Global Aphasia Exercises
What is it?
Global aphasia (uh-fa-zhuh) is when you lose almost all abilities to understand and use language. You may also have trouble understanding written words. Ask your caregiver for the CareNotes™ handout about the different types and causes of aphasia.
Every person who has aphasia is different. You and your loved one should see a licensed speech-language therapist. Your therapist can make a treatment plan that is best for you. Following are exercises that you and your family members can do to improve your ability to speak and write.
- Exercise 1: Have your loved one do the following as you direct them step by step.
- Step 1 - Touch your nose
- Step 2 - Touch your nose and point to the wall
- Step 3 - Touch your nose, point to the wall, and clap your hands.
- Step 1 - Touch your nose
- Exercise 2: Name body parts or objects in the room and have your loved one point to them.
- Exercise 3: Have your loved one nod or shake their head in response to yes/no questions, such as "Is it raining?"
- Exercise 4: Have your loved one say some "automatics." Examples of automatics are counting, saying the alphabet, naming the days of the week and months of the year.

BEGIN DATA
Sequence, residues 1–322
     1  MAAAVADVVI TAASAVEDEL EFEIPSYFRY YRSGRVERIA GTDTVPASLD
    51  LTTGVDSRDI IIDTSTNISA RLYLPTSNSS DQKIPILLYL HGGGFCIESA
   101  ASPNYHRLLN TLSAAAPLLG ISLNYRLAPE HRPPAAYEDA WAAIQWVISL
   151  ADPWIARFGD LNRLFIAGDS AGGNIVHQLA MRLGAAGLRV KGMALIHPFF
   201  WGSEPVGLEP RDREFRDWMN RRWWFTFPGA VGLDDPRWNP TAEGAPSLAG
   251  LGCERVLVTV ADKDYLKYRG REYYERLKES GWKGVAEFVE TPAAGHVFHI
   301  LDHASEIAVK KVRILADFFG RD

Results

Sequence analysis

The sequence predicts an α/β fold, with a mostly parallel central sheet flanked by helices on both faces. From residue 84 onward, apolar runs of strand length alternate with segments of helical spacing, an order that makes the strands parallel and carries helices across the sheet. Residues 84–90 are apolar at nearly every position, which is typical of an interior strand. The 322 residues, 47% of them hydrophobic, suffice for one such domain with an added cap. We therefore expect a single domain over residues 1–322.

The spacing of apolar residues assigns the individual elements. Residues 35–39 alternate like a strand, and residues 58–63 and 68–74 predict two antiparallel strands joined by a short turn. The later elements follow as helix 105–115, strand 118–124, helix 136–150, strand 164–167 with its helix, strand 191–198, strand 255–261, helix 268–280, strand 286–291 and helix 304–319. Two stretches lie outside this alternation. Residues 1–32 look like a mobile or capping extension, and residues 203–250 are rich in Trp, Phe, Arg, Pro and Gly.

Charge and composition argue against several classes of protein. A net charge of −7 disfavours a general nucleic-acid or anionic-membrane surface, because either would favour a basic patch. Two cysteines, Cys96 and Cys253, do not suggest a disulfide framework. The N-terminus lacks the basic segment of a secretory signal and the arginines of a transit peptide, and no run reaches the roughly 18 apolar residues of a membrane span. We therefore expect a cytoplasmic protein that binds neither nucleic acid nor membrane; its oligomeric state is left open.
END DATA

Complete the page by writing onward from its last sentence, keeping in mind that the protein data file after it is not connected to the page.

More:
- Exercise 5: Have your loved one sing some well known songs, such as Happy Birthday, America, and Take Me Out To The Ballgame.
- Exercise 6: Name a word and have your loved one say a word meaning the opposite. And example is to say "not hot" and the answer is "cold."
- Exercise 7: Have your loved one name objects in the room, such as chair, lamp, and picture.
- Exercise 8: Describe an object and have your loved one name it. An example is to say "something used to cut paper" and the answer is "scissors."
- Exercise 9: Have your loved one name as many items in a category as he can. An example is "fruit" and they tell you as many fruits as they can think of like oranges, apples, and grapes.
- Exercise 10: Name three things and have your loved one tell how they are alike. An example is tiger, giraffe, and lion and the answer is "animals".
- Exercise 11: Name words and have your loved one tell you what they mean.
- Exercise 12: Have your loved one copy or write numbers, letters, and words.
- Exercise 13: Show your loved one an object or picture and have them write down what they see.
- Exercise 14: Have your loved one practice writing out information about themselves like name, address, and telephone number.
- Exercise 15: Give your loved one a word and have them write a sentence using it.
- Exercise 16: Have your loved one do a crossword puzzle or word scramble.
- Exercise 17: Have your loved one match letters and/or words.
- Exercise 18: Have your loved one match a picture to a word.
Care AgreementYou have the right to help plan your care. Learn about your health condition and how it may be treated. Discuss treatment options with your caregivers to decide what care you want to receive. You always have the right to refuse treatment. The above information is an educational aid only. It is not intended as medical advice for individual conditions or treatments. Talk to your doctor, nurse or pharmacist before following any medical regimen to see if it is safe and effective for you.
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